Workers’ compensation is socialized medicine—a compromise to avoid lengthy and costly litigation and keep the local Chambers of Commerce happy. How can a state attract new businesses if the volume of legitimate workers’ comp claims escalates? And in a state like Tennessee, workers’ comp doesn’t protect injured workers from wrongful dismissal because this is a “right to hire and fire” state. Your boss can toss you out the door with no reason or notice at all, injured or not.

Sterling example: a local chiropractor told me about a woman who normally worked out in the warehouse area of her company. A week or so ago she was told to load heavy boxes in the freezer area. The combination of the cold temperature and the weight of the boxes caused her to suffer a back injury. She wasn’t allowed to report the injury, she was fired.

Final reality check: The good liberal lawyers in this town that didn’t want my cases because their cut might not be enough to put their children through Harvard or Yale are hypocrites. Their callousness has created my new reality: I can’t afford to represent myself. Filing fees are high and depositions cost money as do expert witnesses. Additionally, the managing physician on the case hasn’t released me to work, and acting as my own attorney is not only the stuff fools do, it’s work I’m not supposed to do.

In anticipation of the day when I will not feel pain (may the Lord not tarry) and my injuries are no longer life-altering issues, it’s time I show my humble appreciation for those who did their jobs well and were truly concerned with my medical well being. Conversely, I want to “thank” those who traumatized me over the past eight months. Here goes . . .

My heartfelt thanks to the chiropractor (and his staff) who took over the upper body case when the orthopedist rode off into the sunset. He was courageous and honest in his treatment of me, and his willingness to stand by his convictions was the only light in a dark and daunting system. The aquatic therapy team at a local rehab hospital was quite good, understood my frustrations, and tried their best to help correct some of the injuries I sustained on the job. I pray you will all be blessed as you have blessed me. Unfortunately, they were stopped midstream (no pun intended) by Auto-Owners Insurance and the “expert” at workers’ comp. Evil never wants to do right by us.

To the others involved in what they call medical “care,” and who taught me how nasty workers’ compensation doctors can be, I say you are all to be pitied. In my heart I know I wasn’t the first to experience your overblown egos, and punishing natures, and I won’t be the last. To this end, I weep for the insurance folks who buy lies rather than honor truth. They are experts at human destruction.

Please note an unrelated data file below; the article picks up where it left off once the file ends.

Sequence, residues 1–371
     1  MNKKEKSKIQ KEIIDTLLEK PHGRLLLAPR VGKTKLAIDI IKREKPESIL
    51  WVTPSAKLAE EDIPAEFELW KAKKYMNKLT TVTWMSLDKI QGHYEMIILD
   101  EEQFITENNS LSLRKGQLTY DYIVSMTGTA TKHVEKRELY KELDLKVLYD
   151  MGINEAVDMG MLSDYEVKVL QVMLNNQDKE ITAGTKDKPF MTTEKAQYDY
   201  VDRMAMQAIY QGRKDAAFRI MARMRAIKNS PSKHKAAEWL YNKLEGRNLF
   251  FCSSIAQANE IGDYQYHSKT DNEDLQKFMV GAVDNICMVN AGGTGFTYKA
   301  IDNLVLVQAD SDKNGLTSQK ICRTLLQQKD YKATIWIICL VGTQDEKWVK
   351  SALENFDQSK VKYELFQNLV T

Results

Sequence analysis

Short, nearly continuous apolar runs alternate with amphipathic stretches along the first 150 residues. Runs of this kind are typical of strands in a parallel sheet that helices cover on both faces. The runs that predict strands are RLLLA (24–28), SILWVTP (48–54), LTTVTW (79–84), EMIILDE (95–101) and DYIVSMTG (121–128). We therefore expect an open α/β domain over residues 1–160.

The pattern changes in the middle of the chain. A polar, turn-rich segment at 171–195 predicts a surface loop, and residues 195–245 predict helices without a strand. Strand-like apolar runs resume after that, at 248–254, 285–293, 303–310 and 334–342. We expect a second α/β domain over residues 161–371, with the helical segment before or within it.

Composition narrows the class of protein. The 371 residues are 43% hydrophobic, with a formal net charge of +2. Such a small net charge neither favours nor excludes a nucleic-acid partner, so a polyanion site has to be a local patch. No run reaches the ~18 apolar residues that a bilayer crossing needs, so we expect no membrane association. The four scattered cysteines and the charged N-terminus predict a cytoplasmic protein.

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Finally, those handling my cases at the Workers’ Comp Board certainly were unbiased. One called me a liar, tore me apart emotionally, and left me to wander around with little or no support. The other turned his back on me and left me without a viable legal remedy or medical resources for the lower half of my short body . . . not even a wheelchair.

I pray God will be merciful, but I know those who inflict such harm on others eventually reap as they have sown. What goes around usually comes around . . . sooner or later.

 

© 2006 - Jill Cohen Walker - All Rights Reserved

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Jill Cohen Walker earned a BA from Goddard College in 1977, a JD from Franklin Pierce Law Center in 1980, and an MS in journalism at the University of Tennessee, Knoxville in 1999. A freelance writer for fifteen years, she has written numerous articles for tech magazines and newspapers, and co-authored a book on hiring practices in the printing industry.

She taught Social Studies for one year in a northern middle school, and medical-legal and bio-medical courses in the Allied Health division of a local community college for four years. A student of legal history and the US Constitution, she began to study current events and Bible prophecies in March 1985. Her deep interest in and awareness of American politics started during the 2000 elections when she realized the prophetic time clock was ticking fast. She is the co-author of the novel "The Call to Prayer". (www.thecalltoprayer.net).

E-Mail: jillwalker@mail.bellsouth.net



 

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Further, no matter which doctor you see, the opinions of the insurance company’s panel doctors are the only ones that matter; and they always find someone with lots of clout to intimidate you and douse the flames of truth.